An emergency cash infusion for a hugely popular small-business lending program at the heart of the new $2.3 trillion economic aid package could run into a familiar roadblock this week: Rep. Thomas Massie.
Massie is the Kentucky Republican who objected to clearing the massive relief bill by voice vote on March 27, citing the constitutional requirement that a quorum, or majority, of House members be present for a recorded vote.
After plans to ram through some $250 billion in additional aid for the new Small Business Administration program became clear on Tuesday, Massie voiced his frustration via Twitter. "Folks, this isn't some esoteric House rule," Massie wrote. "This is the US Constitution."
Massie's objection on the previous bill forced House leaders to bring a majority of lawmakers back to Washington in the midst of various stay-at-home orders for the March 27 vote. Two days later Rep. Nydia M. Velazquez, D-N.Y., announced she had symptoms of COVID-19.
The House ultimately cleared the measure on a voice vote, after denying Massie sufficient numbers to insist on a recorded vote.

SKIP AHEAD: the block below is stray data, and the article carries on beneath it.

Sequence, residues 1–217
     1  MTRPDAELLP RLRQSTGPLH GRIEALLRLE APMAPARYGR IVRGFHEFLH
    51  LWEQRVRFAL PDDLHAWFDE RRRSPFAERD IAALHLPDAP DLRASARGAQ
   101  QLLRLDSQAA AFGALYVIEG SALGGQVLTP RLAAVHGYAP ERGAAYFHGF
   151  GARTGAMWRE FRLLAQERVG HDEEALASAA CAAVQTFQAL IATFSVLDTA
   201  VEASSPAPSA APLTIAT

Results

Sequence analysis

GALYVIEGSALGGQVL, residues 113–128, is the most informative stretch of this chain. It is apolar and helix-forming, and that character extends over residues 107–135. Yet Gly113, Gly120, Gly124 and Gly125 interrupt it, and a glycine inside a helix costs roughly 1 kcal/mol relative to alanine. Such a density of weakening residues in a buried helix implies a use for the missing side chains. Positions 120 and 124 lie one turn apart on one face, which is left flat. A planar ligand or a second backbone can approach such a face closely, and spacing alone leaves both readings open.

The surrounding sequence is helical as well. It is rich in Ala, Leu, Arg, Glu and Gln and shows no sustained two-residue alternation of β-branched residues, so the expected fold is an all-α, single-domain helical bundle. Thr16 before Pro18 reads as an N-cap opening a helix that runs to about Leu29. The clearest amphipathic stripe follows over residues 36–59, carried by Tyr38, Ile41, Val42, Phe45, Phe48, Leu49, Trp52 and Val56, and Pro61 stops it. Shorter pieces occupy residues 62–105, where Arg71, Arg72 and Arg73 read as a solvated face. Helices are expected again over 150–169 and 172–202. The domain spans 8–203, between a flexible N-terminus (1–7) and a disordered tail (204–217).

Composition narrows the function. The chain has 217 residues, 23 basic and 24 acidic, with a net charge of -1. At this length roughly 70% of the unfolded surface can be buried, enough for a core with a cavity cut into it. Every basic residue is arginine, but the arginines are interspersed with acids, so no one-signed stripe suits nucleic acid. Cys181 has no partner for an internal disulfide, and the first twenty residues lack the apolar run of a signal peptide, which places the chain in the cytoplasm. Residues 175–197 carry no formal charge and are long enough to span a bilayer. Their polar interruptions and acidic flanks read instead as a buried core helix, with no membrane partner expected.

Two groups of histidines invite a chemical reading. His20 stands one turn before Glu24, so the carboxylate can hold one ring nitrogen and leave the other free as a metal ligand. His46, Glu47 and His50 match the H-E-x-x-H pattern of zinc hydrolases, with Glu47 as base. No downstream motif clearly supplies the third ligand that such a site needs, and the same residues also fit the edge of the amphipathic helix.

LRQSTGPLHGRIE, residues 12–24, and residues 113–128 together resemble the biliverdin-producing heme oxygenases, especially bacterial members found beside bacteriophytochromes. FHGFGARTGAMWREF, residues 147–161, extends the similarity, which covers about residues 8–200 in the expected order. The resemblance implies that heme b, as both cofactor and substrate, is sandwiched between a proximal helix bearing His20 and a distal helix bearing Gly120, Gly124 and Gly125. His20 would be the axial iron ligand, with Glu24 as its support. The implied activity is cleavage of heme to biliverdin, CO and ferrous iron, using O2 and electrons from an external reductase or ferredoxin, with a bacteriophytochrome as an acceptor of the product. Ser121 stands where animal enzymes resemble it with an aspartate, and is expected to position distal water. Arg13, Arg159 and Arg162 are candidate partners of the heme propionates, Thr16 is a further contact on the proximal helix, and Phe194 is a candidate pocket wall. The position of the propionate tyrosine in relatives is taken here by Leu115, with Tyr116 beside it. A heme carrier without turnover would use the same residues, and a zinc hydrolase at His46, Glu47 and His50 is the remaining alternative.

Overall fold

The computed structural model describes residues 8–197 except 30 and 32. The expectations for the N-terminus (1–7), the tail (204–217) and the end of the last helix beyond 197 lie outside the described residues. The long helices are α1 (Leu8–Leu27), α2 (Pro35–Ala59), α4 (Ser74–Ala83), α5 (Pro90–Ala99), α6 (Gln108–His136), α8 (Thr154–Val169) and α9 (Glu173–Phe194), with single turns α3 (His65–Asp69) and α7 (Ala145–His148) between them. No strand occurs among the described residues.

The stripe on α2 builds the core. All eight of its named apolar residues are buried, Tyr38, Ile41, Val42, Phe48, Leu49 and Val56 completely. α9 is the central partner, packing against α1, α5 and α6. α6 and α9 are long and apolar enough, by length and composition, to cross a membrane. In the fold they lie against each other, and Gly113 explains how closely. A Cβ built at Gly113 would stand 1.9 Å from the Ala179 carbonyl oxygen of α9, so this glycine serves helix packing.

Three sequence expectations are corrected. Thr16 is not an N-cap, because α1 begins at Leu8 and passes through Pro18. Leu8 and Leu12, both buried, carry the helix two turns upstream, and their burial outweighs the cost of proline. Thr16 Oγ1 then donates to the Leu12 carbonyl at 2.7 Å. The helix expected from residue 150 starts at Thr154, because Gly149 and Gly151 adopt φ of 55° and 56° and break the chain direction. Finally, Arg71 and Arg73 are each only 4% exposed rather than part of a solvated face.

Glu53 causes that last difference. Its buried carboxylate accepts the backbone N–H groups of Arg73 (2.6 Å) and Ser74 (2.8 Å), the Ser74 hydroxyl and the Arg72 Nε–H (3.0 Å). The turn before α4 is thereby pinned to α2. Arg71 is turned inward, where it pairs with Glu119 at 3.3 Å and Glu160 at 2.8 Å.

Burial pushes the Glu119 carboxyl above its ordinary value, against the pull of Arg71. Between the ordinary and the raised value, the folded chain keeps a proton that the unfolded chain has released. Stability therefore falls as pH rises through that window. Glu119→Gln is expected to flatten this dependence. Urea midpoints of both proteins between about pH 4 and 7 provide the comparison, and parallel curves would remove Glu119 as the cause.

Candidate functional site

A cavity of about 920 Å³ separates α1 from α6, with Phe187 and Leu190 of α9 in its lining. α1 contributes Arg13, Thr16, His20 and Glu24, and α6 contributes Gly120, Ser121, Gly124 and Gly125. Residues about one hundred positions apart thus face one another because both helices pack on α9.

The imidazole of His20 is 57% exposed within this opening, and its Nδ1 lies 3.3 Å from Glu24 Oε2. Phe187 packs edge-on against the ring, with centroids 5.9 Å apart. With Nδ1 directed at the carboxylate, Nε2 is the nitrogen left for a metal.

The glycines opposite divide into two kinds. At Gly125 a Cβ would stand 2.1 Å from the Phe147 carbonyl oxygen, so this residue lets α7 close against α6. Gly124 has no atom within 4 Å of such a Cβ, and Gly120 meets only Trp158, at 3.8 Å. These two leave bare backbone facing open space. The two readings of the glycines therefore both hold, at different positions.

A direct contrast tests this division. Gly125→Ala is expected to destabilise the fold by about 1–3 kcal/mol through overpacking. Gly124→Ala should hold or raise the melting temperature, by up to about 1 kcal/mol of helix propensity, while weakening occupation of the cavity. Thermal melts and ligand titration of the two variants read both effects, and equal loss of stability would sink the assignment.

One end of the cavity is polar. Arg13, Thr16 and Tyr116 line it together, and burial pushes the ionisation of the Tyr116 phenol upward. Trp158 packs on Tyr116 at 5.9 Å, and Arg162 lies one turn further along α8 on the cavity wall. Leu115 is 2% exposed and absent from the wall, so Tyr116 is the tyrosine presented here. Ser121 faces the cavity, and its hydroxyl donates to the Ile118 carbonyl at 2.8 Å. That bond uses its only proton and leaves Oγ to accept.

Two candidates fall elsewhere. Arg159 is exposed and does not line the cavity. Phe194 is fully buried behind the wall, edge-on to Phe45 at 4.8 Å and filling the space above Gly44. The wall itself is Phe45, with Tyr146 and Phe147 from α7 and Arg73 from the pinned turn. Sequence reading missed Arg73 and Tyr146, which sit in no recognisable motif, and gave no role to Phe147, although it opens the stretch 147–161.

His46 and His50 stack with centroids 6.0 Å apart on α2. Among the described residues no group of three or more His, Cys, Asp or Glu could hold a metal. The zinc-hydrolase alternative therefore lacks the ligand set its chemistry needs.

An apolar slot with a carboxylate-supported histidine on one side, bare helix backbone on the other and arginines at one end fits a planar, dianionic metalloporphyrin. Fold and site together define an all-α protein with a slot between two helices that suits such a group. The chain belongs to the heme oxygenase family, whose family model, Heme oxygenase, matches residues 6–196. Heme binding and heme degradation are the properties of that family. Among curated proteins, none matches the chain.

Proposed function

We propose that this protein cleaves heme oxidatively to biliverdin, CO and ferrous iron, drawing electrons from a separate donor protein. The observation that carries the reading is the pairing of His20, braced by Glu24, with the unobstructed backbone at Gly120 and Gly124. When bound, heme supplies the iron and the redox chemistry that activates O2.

This time, there are no such plans to ensure a quorum of members are back in Washington amid what public health officials are calling a critical week to remain at home.
Massie's comments cast doubt on the quick timeline congressional leaders had discussed earlier in the day, with Senate passage as soon as Thursday and the House clearing the new SBA funds as early as Friday.
Treasury Secretary Steven Mnuchin said Tuesday the new small-business lending program in the law, which started out with $349 billion and just began accepting applications on April 3, is now vastly oversubscribed. He tweeted that the new program needs another $250 billion and that he's spoken with congressional leaders on both sides of the aisle.